The GWAS results were analyzed to determine whether the association with rotator cuff injury for rs71404070 was stronger in some races than in others, a phenomenon known as heterogeneity[30]. A forest plot shows the odds ratio and 95% confidence interval for the three different races with data, as well as the overall result from all three races combined (Fig 3). The odds ratios for each race were in the same direction and of similar magnitude. Using I2 and Cochran’s Q to assess heterogeneity, we saw no evidence of heterogeneity; specifically, I2 = 0% (95% confidence interval: 0–79%) and Cochran’s Q = 1.614 with p = 0.446.

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Fig 3. Forest plot for association of rs71404070 with rotator cuff injury.

Only three race/ethnic populations yielded data for the lead SNP rs71404070: European, Latin-American and African-American. Effect size estimates with their 95% confidence intervals are given for each individual group, as well as the overall summary result. We observe little heterogeneity as measured by I2 (0%) and the p-value for Cochran’s Q statistic (0.446).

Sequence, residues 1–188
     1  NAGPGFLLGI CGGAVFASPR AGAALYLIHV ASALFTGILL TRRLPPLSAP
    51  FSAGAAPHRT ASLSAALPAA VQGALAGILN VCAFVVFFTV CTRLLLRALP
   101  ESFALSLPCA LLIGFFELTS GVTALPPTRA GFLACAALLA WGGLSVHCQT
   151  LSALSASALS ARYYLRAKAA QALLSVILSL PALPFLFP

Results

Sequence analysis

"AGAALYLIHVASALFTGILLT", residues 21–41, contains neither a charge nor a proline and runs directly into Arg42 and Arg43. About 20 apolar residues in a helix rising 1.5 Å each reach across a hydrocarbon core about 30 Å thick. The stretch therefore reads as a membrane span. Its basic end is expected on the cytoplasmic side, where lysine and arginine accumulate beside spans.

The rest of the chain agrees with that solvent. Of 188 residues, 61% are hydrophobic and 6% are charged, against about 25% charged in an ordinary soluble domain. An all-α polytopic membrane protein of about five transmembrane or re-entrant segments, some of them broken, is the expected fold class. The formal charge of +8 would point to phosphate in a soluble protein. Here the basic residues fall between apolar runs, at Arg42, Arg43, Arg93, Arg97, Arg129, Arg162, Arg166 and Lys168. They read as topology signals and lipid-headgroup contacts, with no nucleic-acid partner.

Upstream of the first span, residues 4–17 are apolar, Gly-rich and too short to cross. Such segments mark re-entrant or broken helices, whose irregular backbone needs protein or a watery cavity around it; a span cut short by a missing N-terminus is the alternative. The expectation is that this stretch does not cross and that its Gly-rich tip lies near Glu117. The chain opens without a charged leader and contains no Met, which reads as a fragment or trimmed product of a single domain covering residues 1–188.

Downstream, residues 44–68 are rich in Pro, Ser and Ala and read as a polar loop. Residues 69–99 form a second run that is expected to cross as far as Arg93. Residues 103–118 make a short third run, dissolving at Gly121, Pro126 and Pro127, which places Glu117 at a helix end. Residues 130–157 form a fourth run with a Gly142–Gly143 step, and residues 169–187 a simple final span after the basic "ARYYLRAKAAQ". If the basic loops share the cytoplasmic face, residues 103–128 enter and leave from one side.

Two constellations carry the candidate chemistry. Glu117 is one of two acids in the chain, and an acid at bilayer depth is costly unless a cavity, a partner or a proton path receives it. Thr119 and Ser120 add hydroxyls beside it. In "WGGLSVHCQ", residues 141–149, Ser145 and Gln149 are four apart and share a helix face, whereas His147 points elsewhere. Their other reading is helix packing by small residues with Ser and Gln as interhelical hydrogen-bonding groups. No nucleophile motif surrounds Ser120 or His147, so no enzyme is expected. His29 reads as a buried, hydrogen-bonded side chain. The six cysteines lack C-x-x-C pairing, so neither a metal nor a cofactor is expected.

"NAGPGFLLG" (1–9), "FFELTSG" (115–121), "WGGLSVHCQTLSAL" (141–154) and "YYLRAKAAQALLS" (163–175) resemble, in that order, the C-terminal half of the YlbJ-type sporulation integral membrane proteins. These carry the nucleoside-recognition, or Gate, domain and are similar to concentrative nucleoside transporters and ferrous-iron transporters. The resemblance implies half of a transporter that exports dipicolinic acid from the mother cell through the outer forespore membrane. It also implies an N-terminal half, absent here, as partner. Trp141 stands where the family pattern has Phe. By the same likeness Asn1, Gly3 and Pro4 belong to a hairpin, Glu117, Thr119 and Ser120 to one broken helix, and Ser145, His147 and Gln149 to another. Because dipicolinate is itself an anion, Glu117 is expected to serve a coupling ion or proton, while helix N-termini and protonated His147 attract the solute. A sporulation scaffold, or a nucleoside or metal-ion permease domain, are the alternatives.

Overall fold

https://doi.org/10.1371/journal.pone.0189317.g003

The allelic odds ratio for rs71404070 is 1.25. Individuals that carried one risk allele at rs71404070 (A/T) had a 29% increased chance of rotator cuff injury compared to individuals that have no risk alleles (Table 4).

Our cohort of rotator cuff injuries includes 904 cases of full rupture and 2241 cases of either full or partial rupture of the rotator cuff (Table 5). We asked whether increasing severity of rotator cuff injury would also increase the strength of the association of rs71404070 with that injury. We repeated the analysis for rs71404070 using either full or partial/full rupture as cases versus uninjured patients as controls (Table 5). We note that the odds ratio increases for the partial/full ruptures (1.38) but not for full ruptures (1.22) compared to the overall cohort of all injured patients (1.25). As expected, the p-values for the association of rs71404070 with each rotator cuff injury phenotype became less significant as the number of cases decreased.

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Table 5. Association of rs71404070 with full and partial/full rotator cuff tears.

https://doi.org/10.1371/journal.pone.0189317.t005

Rs71404070 is located in the 1.5 Mb intergenic region between LOC729159 and cadherin8 (CDH8) on chromosome 16 (Fig 4). There is one SNP that is tightly linked (R2 = 0.99) and 8 additional SNPs that are weakly linked (R2>0.6) to the sentinel SNP rs71404070 (S1 Table). Since all of these SNPs are linked and tend to be inherited as one haplotype, it is unclear which of these, if any, is the SNP that directly affects risk for rotator cuff injury and which show an association simply because they are linked.

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Fig 4. Regional-association plot for rs71404070 with rotator cuff injury.